As a member of a games club, I get to play many different games. Far too many, as I realised when David, the club’s organiser, suggested to use the h-index to measure how many games we tend to play regularly.
The h-index was proposed by a physicist in 2005 as a measure of research impact. A person has index h if they have written h papers, each cited by h or more other papers. Applied to game playing, this means you have to play each of h different games at least h times. As David puts it, “an h-index measures whether you tend to replay games many times or prefer to move on to the new ones. [It] identifies those games that have staying-power for you.”
I’ve joined BoardGameGeek in January 2007 and use it to record my game plays. BGG can display a list of played games ranked by frequency. As I write this, I have played 225 different games, 120 of which only once. The most frequently played games are:
|Ticket to Ride: Europe||8|
This makes an h-index of 8. I need one more game of Category 5 (aka 6 nimmt!) or Pandemic or TtR:E, or two games of Modern Art, to get an h-index of 9. Actually, I already have an index of 9 because I haven’t recorded on BGG the 10+ games of Othello played on my phone, but the fact remains that a single digit h-index out of 200+ different games played is a very low value. David has an h-index of 19 out of 181 different games played within the last 7 years. Dan, another club member, has an h-index of 16 out of 212 different games (all played since 2010!).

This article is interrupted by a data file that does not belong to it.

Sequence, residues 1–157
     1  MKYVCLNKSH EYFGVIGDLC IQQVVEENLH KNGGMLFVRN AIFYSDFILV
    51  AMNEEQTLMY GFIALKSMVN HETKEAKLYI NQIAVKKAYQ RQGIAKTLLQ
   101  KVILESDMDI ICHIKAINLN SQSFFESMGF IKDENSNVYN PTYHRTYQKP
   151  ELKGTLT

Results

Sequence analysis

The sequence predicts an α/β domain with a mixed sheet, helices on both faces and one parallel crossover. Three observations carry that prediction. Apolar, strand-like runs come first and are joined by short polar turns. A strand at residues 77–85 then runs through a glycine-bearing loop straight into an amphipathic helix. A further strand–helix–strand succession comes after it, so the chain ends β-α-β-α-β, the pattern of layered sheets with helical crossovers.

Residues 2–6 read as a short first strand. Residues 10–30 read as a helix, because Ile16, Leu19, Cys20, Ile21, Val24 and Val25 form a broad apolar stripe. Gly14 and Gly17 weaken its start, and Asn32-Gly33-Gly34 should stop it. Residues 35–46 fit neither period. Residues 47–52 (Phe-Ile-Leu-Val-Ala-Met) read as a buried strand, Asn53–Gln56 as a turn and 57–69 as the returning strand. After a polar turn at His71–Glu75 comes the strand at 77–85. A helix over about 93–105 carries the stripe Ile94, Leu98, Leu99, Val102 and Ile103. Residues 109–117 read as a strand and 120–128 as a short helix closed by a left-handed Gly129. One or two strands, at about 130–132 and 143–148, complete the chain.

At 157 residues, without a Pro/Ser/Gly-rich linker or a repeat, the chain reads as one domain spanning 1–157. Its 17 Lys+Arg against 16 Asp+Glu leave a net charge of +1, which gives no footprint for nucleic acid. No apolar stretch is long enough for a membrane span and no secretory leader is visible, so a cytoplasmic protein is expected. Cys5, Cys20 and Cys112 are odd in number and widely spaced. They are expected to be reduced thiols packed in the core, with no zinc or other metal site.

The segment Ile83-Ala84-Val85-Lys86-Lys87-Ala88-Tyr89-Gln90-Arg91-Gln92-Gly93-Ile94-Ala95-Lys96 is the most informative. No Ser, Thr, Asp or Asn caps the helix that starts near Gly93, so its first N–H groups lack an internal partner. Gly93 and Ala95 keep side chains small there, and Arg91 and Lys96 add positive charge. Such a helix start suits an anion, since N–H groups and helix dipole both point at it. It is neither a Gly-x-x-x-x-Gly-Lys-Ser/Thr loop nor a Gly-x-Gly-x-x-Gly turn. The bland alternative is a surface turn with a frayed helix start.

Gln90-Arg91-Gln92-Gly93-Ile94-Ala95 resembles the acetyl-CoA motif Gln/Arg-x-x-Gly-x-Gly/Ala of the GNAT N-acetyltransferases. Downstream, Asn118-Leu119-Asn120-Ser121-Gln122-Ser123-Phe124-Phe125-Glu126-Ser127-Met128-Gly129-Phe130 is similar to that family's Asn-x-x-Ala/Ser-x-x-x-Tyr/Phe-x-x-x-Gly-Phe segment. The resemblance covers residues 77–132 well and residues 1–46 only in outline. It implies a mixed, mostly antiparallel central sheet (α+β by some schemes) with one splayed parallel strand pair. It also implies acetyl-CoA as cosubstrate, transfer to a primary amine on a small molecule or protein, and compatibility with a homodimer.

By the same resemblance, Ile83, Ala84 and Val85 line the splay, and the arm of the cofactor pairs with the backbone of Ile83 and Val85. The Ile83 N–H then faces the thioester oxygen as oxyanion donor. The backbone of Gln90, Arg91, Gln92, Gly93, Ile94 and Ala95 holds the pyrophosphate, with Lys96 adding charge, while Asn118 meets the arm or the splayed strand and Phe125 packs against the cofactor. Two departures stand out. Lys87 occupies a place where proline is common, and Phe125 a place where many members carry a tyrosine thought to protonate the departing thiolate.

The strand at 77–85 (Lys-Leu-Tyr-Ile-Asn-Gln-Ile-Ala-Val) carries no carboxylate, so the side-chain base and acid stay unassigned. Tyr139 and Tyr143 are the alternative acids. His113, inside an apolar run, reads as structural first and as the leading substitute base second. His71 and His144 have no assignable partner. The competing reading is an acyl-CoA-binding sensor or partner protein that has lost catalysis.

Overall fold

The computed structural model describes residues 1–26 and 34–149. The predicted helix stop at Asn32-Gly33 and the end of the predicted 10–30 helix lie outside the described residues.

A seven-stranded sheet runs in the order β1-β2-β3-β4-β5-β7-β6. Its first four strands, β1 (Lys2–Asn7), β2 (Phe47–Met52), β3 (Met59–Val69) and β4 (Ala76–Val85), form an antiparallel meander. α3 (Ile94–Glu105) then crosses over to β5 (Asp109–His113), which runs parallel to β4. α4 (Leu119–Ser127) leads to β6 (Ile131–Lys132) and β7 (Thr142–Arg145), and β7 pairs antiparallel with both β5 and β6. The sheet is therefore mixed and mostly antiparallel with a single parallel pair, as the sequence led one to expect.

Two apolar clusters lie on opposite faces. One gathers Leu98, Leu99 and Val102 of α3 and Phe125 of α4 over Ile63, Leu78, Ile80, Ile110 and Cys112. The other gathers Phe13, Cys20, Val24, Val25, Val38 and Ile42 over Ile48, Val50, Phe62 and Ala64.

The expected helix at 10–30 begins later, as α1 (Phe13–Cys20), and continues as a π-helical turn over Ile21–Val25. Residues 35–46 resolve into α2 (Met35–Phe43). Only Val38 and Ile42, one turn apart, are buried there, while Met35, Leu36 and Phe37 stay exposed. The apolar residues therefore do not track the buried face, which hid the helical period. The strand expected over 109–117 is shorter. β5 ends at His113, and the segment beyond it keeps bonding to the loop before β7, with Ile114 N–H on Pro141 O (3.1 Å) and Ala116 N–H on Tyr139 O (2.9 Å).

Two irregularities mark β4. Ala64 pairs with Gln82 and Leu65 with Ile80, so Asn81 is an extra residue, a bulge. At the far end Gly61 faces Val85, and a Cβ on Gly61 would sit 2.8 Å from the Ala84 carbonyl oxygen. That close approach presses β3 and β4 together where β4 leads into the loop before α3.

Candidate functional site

There are of course reasons for my low h-index: I hardly play games outside the club and I most often don’t arrange in advance for specific games, which means I play mostly what’s available on the day. I knew already that I tend to play new games, which I often find merely OK, instead of replaying good games I enjoy (e.g. Navegador, Vintage, Santiago, Thebes, El Capitán), but capturing this in a quantitative way (9 out of 225) was still an eye-opener. In addition to my New Year’s resolutions of the previous post, I need to change my gaming behaviour, not to increase the h-index for its own sake, but to play more frequently my favourite games.